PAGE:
Here's a look at seven Chinese restaurants that have replaced some of their staff with robo-waiters.

These ten robot waiters serve customers in Chengdu, China, carrying dishes around and giving simple greetings to customers.

They cost around $11,310 each when they were bought in 2014.

Under Armour Is Taking Over Old FAO Schwarz Space

Under Armour is opening a new store in Manhattan, in the building FAO Schwarz used to call home, the company announced on Tuesday morning.

According to CNBC, the company will take hold of the 53,000 square-foot space in 2018.  

While the opening of one store doesn't always make headlines, CNBC notes that this new store will fuse experiences, such as work-out classes, with traditional shopping.

CEO Kevin Plank said on a recent earnings call that the new space will be "t he single greatest retail store in the world."

Under Armour already has a boost in that it sells activewear, one of the few categories for which consumers will pay a premium.

Under Armour posted another quarter of sales growth, making it the 25th consecutive quarter with over 20% revenue growth, the company noted.

How Old Were Self-Made Billionaires When They Made Their First Million

Mark Zuckerberg had $1 million in the bank at the ripe age of 22, while Larry Ellison didn't reach millionaire status until age 42. Today, they're both billionaires.

Some successful entrepreneurs strike it rich early on. For others, it takes decades.

Using an infographic from UK-based web platform Fleximize, we've broken out the age at which Zuckerberg, Ellison, Cuban, and other self-made billionaires made their first million.


Mark Zuckerberg: 22

The Facebook cofounder and CEO became a millionaire in 2006 at age 22.

It didn't take long for him to make the leap from self-made millionaire to billionaire. At the age of 23, Facebook's IPO made Zuckerberg the youngest self-made billionaire in history.

Today's estimated net worth: $43.9 billion

Evan Spiegel: 23

The Snapchat cofounder and CEO became a millionaire in 2013 at age 23.

Two years later, the value in his Snapchat shares reached $1 billion, making him a 25-year-old self-made billionaire.

Today's estimated net worth: $2.1 billion


Sir Richard Branson: 23

Britain's high-profile billionaire earned his first million in 1973 at age 23.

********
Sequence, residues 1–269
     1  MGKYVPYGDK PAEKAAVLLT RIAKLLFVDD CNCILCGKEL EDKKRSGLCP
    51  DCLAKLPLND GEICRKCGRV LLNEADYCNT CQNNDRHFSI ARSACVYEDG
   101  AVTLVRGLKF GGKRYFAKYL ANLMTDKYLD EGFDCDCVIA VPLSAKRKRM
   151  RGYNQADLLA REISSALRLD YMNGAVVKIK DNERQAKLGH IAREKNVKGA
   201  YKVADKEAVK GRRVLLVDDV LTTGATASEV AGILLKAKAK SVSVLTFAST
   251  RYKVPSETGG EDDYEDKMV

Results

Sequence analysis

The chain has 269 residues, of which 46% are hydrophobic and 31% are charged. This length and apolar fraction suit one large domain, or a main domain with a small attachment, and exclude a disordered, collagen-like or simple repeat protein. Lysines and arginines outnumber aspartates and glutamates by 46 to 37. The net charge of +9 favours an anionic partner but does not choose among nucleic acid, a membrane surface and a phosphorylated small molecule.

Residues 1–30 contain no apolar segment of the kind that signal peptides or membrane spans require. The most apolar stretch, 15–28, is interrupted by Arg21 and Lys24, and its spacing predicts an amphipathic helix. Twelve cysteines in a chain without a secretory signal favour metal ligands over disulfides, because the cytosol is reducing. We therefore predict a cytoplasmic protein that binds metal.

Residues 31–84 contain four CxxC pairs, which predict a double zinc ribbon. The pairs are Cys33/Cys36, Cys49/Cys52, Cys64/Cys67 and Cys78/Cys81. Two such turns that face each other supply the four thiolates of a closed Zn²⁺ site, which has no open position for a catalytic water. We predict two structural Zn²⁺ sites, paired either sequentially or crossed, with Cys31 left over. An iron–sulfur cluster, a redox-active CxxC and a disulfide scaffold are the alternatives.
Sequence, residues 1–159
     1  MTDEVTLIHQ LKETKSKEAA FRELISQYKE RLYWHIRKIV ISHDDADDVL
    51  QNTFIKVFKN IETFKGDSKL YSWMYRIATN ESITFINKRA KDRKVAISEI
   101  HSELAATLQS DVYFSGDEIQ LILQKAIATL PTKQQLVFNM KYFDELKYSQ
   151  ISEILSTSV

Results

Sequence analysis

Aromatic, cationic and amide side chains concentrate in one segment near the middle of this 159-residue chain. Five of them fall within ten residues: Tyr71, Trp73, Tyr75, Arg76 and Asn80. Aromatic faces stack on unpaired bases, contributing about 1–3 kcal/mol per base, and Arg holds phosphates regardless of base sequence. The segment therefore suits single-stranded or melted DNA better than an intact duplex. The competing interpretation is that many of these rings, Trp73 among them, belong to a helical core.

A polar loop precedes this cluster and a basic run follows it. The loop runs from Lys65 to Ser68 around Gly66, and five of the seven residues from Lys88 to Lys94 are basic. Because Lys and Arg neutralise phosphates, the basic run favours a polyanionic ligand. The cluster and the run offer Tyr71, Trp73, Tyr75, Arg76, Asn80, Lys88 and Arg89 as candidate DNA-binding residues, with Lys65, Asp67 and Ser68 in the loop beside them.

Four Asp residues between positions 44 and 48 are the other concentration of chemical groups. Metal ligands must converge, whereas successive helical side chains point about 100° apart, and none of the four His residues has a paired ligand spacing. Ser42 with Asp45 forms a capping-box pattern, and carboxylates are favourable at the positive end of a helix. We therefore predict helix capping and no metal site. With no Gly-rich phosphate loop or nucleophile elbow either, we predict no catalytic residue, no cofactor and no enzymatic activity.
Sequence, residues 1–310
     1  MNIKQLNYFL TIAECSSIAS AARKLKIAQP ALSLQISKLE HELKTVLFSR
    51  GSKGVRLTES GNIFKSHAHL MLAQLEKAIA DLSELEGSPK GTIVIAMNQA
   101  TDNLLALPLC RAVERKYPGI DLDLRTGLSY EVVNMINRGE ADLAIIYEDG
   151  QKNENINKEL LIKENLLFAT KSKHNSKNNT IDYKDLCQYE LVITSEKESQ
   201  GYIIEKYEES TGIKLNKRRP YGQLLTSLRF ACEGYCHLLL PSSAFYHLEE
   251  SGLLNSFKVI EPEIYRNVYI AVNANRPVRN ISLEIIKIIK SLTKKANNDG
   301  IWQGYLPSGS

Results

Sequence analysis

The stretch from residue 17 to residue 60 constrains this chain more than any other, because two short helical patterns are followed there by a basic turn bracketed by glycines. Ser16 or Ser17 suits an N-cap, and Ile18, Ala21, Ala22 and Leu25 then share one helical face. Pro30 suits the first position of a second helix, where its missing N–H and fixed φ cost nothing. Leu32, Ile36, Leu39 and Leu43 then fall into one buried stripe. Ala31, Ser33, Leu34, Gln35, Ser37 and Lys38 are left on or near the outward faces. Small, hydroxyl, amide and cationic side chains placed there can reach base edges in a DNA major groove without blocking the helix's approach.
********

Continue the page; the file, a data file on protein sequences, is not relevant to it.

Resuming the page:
Nearly two decades later, the Virgin Group founder reached self-made-billionaire status at age 41.

Today's estimated net worth: $5.1 billion


Carlos Slim: 25

The Telecom magnate became a self-made millionaire in 1965 at age 25, thanks to real-estate investments.

About 25 years later, his net worth passed $1 billion at age 51. He finished 2015 as the second-richest person in the world.

Today's estimated net worth: $50.1 billion


Larry Page: 25

Google's cofounder earned his first million in 1999 at age 25.

The company's IPO in 2004 sent his net worth over $1 billion, making him a self-made billionaire at age 30.

Today's estimated net worth: $35.1 billion


Bill Gates: 26

Microsoft's cofounder became a self-made millionaire in 1981 at age 26, thanks to Microsoft's IPO.

The value in his shares surpassed $1 billion by the time he was 31, making him the youngest billionaire ever at the time. Today,Gates is the richest man in the world.

Today's estimated net worth: $74.7 billion


Elon Musk: 27

The cofounder of PayPal and Tesla Motors and founder of SpaceX reached self-made-millionaire status in 1999 at age 27 when he sold a web-software company for over $300 million.

By age 41, his net worth had surpassed $1 billion.

Today's estimated net worth: $10.8 billion


Sara Blakely: 29

It only took one year of running her company, Spanx, before Blakely became a millionaire in 2000 at age 29.

A little over a decade later, she became the youngest self-made woman billionaire at age 41.

Today's estimated net worth: $1 billion


jpg-7.jpg

Warren Buffett: 30

The investing legend and CEO of Berkshire Hathaway became a millionaire in 1960 at age 30.